This week's Sepia Saturday photo challenge offers you the uniforms, guns, cops and bicycles.
I think I choose bikes.
First a photo from my aunt Senja's album.
At the back of this photo there is a text - "to Milja". I don't know who Milja was and why this photo is in my great aunt Senja's collection. There are many other photos of handsome young men that belonged also to Milja and this my guess: Milja was getting married and she had to get rid of all photos of her past admirers. So she gave them to my aunt Senja
The photo was taken at City Park, Washington St. Entrance, Portland, Oregon by Cal Calvert Mazeograph Studio 1910.
This is also taken in the same studio and from Senja's album, unfortunately again unknown gentlemen in an airplane.
Studio backdrops and setups were arranged next to each other in the studio. Presumably the customer would select one and move into position, the photographer would aim the camera, and ten minutes later the patron would have their custom post cards. This studio is well known for it's humorous setup and backdrop of an airplane over Portland.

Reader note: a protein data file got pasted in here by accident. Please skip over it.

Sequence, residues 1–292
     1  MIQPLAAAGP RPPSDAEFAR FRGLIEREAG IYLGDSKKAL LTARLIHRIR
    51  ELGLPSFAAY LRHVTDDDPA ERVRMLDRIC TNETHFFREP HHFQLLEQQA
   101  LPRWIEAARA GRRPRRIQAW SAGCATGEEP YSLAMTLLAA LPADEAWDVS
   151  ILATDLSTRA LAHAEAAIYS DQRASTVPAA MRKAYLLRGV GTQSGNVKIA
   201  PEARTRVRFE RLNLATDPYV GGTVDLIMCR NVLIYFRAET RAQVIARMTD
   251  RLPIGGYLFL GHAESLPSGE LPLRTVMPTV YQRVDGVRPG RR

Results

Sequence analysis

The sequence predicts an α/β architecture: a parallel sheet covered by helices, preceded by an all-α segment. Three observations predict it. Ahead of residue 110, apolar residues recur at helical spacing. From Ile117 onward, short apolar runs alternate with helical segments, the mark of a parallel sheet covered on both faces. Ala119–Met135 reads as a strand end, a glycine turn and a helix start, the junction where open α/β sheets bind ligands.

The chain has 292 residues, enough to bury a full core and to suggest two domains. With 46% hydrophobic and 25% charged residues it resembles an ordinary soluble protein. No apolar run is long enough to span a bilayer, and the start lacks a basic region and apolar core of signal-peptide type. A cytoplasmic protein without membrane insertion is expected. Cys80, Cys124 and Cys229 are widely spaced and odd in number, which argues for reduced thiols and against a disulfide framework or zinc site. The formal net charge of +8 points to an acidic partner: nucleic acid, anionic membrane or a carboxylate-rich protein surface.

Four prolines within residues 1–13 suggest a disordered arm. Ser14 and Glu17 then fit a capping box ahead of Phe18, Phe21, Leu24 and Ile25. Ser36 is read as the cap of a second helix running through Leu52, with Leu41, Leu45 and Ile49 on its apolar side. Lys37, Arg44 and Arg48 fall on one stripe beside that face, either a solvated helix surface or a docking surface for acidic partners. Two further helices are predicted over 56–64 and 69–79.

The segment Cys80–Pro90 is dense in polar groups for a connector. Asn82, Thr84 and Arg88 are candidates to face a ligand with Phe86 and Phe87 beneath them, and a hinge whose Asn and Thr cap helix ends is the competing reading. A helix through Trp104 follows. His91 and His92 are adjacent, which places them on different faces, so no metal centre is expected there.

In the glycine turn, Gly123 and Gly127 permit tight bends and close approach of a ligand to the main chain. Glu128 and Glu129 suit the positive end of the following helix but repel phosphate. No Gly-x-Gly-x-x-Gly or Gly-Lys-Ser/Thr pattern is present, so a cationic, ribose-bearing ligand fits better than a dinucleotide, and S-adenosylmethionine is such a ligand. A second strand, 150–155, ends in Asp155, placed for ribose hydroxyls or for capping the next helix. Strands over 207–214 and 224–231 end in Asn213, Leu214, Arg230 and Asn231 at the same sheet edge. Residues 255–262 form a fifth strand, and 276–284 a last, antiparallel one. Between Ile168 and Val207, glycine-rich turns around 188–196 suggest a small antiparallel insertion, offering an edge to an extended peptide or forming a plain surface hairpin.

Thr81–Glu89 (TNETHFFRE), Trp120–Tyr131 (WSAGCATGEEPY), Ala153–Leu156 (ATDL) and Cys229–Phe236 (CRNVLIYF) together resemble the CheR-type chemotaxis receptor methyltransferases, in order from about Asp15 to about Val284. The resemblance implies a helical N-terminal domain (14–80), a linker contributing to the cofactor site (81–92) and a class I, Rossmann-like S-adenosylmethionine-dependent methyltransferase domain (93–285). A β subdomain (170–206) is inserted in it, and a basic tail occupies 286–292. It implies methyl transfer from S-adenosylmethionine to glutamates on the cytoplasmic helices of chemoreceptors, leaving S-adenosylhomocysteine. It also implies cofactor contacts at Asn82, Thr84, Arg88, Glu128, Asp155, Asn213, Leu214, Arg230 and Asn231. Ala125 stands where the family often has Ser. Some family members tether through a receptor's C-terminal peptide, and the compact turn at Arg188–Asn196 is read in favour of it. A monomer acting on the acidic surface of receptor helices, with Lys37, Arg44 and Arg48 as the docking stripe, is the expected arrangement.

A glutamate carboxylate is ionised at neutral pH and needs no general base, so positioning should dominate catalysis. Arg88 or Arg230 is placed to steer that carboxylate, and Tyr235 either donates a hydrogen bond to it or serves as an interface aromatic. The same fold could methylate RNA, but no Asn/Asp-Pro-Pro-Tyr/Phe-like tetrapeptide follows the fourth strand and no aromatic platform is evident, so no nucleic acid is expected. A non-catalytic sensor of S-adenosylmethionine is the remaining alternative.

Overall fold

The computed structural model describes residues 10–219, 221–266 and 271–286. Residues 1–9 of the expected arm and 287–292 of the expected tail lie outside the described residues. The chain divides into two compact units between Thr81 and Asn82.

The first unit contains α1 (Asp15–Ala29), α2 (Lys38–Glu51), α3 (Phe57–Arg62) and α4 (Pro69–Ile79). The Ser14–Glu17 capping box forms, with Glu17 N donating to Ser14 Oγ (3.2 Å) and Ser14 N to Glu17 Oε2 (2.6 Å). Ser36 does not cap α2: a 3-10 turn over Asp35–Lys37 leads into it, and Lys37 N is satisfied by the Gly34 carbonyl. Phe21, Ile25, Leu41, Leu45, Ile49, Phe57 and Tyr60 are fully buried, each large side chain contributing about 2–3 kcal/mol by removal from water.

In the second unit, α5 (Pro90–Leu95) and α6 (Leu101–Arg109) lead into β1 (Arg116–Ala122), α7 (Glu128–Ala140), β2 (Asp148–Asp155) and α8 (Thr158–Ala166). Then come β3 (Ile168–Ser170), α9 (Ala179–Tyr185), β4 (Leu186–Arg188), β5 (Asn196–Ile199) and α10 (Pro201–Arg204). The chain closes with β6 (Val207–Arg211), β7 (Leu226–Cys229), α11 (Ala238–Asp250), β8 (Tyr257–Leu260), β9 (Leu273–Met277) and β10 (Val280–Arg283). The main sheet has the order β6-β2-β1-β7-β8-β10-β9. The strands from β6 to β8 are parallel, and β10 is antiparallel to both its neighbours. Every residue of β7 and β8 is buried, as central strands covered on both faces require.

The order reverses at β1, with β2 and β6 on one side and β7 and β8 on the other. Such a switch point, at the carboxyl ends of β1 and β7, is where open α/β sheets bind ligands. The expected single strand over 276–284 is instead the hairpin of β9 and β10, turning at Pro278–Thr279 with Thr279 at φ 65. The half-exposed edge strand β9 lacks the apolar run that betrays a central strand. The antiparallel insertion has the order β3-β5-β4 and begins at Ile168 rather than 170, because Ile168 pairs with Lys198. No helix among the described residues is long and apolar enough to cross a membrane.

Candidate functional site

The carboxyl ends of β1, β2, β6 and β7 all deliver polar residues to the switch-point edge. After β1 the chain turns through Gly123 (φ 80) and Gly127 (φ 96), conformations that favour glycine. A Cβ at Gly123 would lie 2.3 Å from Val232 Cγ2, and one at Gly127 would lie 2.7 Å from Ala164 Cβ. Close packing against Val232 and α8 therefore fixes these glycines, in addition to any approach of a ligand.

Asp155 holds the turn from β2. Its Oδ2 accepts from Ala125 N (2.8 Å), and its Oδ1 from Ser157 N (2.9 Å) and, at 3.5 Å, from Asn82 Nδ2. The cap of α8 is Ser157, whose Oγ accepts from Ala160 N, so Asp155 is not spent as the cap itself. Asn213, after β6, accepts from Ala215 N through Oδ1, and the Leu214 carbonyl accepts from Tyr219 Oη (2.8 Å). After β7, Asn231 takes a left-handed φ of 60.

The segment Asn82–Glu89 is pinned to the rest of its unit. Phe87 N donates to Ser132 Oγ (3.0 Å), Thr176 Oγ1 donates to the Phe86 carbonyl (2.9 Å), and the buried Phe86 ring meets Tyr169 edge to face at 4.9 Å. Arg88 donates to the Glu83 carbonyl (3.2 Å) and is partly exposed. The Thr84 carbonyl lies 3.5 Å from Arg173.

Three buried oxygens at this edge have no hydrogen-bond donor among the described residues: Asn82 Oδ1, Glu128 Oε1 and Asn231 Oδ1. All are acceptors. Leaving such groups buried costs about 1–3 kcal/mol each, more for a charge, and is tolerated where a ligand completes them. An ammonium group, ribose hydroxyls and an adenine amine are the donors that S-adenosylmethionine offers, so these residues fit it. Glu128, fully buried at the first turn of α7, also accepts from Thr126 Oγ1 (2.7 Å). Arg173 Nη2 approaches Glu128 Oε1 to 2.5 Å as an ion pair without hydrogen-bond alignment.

Back to bicycles, now in Finland and to aunt Hilda's album.
In the 1920s the bicycle was at first very manly vehicle.
Aunt Hilda's friend was a modern lady, she bought a bicycle despite the common opinion
- bicycles were not for women.
around 1930-1940 and my family album
Also my father had a bicycle. Here he is driving and his friend is sitting at the back. As a young man my father was a "pelimanni" and it was easy for him to carry his banjo with a bike. I think accordion players had much more difficulties driving bike and carrying accordion at the same time.
( Pelimanni music is Finnish traditional folk and dance music, sorry I can't translate it in English.)
My brother with our first and new bicycle,
and of course I also had to go to the picture.
I think the bike was a little too big for me then.
Our children, daughter and baby boy ( not at bike age yet ),
and their two friends.
And finaly around 2000 he ( our baby boy ) really is at the bike age.
Now he's a family man and luckily not a motorbike man any more.
And the latest invention on bikes,
our youngest grandchild learning balance with his kickbike.